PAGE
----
When visiting Puerto Rico, take a culinary road trip to the legendary town of Guavate. Dedicating itself to all things pork, it’s where you’ll discover the best lechon in Puerto Rico and experience true Puerto Rican culture at its best.
What is Lechon?
Crispy skin, well-seasoned and brown. Smoky meat, moist and juicy. Is your mouth watering yet? Did I forget to mention that lechon is a delectable whole seasoned pig, roasted on a spit over an open fire?
How to get to Guavate
Less than an hour from San Juan, getting to Guavate is part of the adventure. Route 184 winds through the verdant Sierra De Cayey Mountains. The journey? Snake-like roads, barely wide enough for two cars, sharp bends, steep-sided valleys, and densely blanketed jungle foliage.
If you’re not comfortable driving to Guavate, these tours will take you there in combination with other fascinating sites on the island.
Dozens of restaurants make up the 3-mile route 736 known as the Pork Highway or La Routa de Cerdo. The smokiness of roasting pigs, the festive atmosphere, and the beat of salsa music let you know you’re in Guavate.
When to Visit Guavate
Any time of year is a great time to visit and the weekends are when you get the full experience. It’s the Christmas season, however, when the atmosphere gets kicked up a notch, and for many locals it’s the traditional time to visit with restaurants extending their hours to accommodate the increased amount of visitors.
Guavate is a town where locals and tourists alike come to enjoy the day for a traditional meal, a bit of souvenir shopping, and lively music, with dancing, similar to a festive block party. Open-air gazebos alongside a cooling stream are perfect for relaxing with a pina colada.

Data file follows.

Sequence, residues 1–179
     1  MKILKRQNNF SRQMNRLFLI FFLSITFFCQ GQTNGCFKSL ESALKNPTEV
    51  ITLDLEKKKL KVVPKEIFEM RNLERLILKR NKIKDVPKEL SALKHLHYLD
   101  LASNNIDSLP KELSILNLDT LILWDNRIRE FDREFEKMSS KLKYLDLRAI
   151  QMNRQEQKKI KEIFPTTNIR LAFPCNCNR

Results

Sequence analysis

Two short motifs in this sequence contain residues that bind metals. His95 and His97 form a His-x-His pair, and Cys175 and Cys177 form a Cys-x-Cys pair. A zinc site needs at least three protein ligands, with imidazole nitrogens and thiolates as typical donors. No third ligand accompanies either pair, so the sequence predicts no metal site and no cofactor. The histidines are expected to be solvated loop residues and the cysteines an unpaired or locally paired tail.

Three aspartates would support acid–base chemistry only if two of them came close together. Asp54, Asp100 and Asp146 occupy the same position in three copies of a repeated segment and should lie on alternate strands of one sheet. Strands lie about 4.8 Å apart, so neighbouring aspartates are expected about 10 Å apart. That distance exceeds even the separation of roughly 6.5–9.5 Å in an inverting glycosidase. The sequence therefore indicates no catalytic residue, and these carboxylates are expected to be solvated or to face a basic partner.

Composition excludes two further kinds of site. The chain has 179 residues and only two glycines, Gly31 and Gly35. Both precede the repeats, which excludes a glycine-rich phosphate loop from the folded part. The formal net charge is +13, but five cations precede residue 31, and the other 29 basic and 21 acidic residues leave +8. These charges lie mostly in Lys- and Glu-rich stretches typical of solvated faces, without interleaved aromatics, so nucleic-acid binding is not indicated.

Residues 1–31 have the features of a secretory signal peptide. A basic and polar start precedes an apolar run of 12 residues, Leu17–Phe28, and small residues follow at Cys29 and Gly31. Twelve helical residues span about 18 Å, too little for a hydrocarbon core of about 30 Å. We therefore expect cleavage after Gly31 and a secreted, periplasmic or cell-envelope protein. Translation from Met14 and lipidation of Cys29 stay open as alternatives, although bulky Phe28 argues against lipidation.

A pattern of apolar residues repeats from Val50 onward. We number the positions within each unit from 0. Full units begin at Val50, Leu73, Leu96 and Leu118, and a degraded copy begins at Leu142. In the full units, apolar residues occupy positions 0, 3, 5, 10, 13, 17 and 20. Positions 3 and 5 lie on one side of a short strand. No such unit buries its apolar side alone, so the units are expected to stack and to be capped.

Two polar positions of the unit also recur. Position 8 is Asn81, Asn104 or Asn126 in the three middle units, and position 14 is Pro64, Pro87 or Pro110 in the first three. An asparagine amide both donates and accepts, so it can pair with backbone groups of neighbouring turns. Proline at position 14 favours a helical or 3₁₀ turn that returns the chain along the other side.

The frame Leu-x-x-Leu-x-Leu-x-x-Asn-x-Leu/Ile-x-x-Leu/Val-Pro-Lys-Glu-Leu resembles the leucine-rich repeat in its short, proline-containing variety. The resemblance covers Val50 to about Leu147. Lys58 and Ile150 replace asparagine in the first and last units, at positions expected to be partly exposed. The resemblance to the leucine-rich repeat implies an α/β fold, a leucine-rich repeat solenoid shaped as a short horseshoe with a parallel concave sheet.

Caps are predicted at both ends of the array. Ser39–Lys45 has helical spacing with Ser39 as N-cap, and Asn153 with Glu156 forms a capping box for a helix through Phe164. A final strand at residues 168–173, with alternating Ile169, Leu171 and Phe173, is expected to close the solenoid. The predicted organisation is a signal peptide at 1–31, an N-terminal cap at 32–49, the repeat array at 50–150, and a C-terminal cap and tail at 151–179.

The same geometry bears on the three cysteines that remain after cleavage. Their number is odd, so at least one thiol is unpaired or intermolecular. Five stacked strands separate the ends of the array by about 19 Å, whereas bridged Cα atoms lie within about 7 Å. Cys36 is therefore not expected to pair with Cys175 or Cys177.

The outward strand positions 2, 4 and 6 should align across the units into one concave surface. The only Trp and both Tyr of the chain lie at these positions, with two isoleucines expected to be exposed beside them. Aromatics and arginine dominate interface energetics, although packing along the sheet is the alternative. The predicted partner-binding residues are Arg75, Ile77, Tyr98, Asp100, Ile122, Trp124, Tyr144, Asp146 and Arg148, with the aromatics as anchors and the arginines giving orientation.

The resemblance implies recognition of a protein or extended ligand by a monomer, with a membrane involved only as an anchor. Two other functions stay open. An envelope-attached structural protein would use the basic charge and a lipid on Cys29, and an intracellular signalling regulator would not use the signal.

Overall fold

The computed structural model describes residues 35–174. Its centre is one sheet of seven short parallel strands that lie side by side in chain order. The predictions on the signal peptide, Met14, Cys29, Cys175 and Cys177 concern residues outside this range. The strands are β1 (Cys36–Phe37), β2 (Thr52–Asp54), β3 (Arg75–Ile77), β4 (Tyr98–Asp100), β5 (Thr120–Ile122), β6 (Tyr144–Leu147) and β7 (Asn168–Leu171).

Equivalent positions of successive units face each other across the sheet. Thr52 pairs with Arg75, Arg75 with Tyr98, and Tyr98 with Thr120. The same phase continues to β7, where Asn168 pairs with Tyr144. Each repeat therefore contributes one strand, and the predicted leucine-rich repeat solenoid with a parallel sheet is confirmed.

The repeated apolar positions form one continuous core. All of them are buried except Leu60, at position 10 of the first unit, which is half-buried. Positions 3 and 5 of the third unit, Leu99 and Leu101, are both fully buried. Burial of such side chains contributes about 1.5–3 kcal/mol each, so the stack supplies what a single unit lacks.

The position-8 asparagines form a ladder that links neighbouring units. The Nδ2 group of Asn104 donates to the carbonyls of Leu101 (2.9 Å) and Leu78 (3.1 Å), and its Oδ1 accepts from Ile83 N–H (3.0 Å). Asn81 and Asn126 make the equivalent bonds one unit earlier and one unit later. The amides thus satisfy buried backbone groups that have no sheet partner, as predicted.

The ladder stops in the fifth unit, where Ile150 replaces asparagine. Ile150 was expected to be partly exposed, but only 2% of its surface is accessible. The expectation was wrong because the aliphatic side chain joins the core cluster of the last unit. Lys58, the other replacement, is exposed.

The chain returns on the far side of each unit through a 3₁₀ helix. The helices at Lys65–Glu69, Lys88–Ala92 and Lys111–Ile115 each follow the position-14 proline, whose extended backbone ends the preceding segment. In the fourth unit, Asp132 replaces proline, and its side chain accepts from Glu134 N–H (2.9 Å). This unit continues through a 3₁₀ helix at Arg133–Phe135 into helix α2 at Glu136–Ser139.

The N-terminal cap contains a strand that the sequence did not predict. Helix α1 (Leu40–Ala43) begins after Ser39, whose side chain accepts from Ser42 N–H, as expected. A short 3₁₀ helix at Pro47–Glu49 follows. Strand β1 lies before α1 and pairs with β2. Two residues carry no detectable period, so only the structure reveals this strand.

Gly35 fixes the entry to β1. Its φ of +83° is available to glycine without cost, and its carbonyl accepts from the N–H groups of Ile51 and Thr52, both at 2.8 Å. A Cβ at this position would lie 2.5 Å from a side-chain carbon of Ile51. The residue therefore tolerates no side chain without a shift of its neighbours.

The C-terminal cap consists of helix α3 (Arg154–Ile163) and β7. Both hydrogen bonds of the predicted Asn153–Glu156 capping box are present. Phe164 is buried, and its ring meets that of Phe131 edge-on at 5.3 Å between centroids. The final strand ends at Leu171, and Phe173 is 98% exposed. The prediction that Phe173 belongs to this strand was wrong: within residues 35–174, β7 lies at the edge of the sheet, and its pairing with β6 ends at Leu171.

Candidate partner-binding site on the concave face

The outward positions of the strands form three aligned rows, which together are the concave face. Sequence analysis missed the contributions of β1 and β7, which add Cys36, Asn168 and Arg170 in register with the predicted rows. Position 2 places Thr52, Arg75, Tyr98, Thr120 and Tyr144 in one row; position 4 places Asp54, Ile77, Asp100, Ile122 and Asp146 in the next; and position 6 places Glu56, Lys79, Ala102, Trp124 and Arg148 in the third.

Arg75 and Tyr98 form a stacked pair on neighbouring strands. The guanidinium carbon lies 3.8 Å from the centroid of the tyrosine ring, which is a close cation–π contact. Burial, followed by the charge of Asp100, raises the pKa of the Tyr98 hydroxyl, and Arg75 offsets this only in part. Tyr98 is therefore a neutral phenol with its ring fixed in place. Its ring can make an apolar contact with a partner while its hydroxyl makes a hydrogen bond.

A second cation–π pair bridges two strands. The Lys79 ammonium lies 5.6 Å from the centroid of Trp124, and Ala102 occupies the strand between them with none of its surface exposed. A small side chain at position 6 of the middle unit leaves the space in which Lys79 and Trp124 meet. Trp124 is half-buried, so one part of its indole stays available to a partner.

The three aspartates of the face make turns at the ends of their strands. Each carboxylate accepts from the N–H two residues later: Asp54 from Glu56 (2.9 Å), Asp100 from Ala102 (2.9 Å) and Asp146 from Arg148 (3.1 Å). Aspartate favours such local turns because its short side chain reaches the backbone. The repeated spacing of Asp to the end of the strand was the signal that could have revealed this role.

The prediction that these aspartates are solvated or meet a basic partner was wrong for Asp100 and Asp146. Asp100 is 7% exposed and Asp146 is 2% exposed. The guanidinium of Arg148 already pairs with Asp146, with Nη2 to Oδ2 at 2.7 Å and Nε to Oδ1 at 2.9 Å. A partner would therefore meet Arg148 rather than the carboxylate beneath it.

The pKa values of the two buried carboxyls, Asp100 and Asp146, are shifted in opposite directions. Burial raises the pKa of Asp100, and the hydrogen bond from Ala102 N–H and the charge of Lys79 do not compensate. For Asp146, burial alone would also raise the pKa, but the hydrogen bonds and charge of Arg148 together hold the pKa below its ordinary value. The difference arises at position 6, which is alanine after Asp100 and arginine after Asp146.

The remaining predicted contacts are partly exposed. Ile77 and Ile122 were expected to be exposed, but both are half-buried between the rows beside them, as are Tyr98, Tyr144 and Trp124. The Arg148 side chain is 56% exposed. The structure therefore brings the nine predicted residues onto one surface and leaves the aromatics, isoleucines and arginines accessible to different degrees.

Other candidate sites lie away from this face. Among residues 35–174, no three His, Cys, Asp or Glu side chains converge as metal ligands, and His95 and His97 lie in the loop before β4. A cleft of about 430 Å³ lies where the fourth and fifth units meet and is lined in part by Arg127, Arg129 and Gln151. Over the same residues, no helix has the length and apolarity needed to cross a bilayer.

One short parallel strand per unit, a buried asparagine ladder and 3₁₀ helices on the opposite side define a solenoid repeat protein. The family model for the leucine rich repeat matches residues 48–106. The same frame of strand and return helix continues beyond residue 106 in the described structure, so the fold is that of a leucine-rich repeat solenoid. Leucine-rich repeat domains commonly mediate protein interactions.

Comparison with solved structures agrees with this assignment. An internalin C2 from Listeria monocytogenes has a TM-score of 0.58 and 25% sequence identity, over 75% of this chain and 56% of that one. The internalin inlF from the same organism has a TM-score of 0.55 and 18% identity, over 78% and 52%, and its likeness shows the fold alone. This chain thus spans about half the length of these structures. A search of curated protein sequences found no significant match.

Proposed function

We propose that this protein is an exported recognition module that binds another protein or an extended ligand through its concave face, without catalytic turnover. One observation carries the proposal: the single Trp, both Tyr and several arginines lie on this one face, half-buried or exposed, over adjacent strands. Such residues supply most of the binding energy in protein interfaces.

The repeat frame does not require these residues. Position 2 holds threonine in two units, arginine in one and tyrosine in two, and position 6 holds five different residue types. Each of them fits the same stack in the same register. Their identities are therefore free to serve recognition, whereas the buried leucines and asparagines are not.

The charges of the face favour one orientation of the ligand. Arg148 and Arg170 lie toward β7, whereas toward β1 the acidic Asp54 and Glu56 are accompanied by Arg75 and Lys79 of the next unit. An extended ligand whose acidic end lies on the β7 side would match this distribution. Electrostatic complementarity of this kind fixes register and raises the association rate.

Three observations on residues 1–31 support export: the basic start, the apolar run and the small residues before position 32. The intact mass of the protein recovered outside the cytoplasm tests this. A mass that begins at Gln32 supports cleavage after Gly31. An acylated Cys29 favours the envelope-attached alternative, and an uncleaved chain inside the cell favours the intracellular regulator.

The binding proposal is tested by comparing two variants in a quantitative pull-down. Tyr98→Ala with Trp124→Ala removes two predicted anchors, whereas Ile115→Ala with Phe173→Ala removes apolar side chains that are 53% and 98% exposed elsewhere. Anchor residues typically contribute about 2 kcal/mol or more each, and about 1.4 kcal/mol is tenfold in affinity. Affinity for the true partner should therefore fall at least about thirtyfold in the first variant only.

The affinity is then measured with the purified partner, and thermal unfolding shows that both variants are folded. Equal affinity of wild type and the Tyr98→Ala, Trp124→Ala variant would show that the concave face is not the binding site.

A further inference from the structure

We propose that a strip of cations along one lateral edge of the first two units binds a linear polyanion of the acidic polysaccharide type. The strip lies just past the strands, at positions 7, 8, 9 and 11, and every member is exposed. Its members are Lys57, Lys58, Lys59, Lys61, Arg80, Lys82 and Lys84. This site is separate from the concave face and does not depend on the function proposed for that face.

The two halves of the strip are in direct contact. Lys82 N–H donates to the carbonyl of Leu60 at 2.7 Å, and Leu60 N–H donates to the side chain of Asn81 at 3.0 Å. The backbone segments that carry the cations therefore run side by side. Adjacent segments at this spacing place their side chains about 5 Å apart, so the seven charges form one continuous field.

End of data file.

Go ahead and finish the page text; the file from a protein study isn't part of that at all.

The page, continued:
Where to eat in Guavate
Golden Lechon, proudly on display in the front windows of the lechoneras, beckons long lines of hungry customers waiting their turn to be served. Lechonera Los Pinos – one of the many open-air eateries – with its tin roof and cafeteria-style service – is my favorite.
You wait for your turn on the line to order your food. You watch, hypnotized by the sound of the carver as he chops the lechon. Here, the carver swings down his machete, cutting the Lechon with strong, swift movements.
Watch this video as the carver chops Lechon.
What to Eat in Guavate
There’s no menu. Aside from lechon, which is why you’re here, isn’t it, there is an assortment of delectable side dishes, on display behind the glass counter: yucca in garlic sauce, arroz con gandules (rice with pigeon peas), tostones de platanos (fried green plantains), morcilla (blood sausage) and longaniza (pork sausage) – served picnic style, on paper plates and with plastic utensils – all very reasonably priced at $8-$10 a plate.
I munch on a crispy piece of skin, the best part. Several couples jumped up to dance salsa. This place does not disappoint. I ate and ate some more. So good. Go on a Saturday or Sunday to get the full experience. It’s not just a place to eat, it’s a cultural experience. Tradition, culture, family, and food. It’s what Puerto Rico is all about.
Discover Old San Juan and join me on my next adventure.
Lechonera Los Pinos, Km. 27.7, PR-184, Cayey, 00735
Carrer 184, Puerto Rico
What to Buy for Your Vacation
We are a participant in the Amazon Associates, LLC program, an advertising program allowing us to receive fees when you purchase the product above. It does not in any way add to your cost.
Looking for more things to do in Puerto Rico?
A Mixology class at the Bacardi Factory is a fun unique way to spend the day.